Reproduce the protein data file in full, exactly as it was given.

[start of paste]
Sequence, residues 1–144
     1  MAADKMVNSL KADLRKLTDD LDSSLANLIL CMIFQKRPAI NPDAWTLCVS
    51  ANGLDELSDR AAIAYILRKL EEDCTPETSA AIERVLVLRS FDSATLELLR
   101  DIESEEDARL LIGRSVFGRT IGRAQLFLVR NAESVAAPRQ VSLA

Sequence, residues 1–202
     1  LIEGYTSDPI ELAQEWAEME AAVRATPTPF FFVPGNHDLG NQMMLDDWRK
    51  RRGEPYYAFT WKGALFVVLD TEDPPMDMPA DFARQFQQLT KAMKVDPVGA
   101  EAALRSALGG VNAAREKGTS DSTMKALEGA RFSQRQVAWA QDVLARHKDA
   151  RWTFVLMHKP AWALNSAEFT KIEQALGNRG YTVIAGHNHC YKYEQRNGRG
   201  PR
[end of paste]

Sequence, residues 1–144
     1  MAADKMVNSL KADLRKLTDD LDSSLANLIL CMIFQKRPAI NPDAWTLCVS
    51  ANGLDELSDR AAIAYILRKL EEDCTPETSA AIERVLVLRS FDSATLELLR
   101  DIESEEDARL LIGRSVFGRT IGRAQLFLVR NAESVAAPRQ VSLA

Sequence, residues 1–202
     1  LIEGYTSDPI ELAQEWAEME AAVRATPTPF FFVPGNHDLG NQMMLDDWRK
    51  RRGEPYYAFT WKGALFVVLD TEDPPMDMPA DFARQFQQLT KAMKVDPVGA
   101  EAALRSALGG VNAAREKGTS DSTMKALEGA RFSQRQVAWA QDVLARHKDA
   151  RWTFVLMHKP AWALNSAEFT KIEQALGNRG YTVIAGHNHC YKYEQRNGRG
   201  PR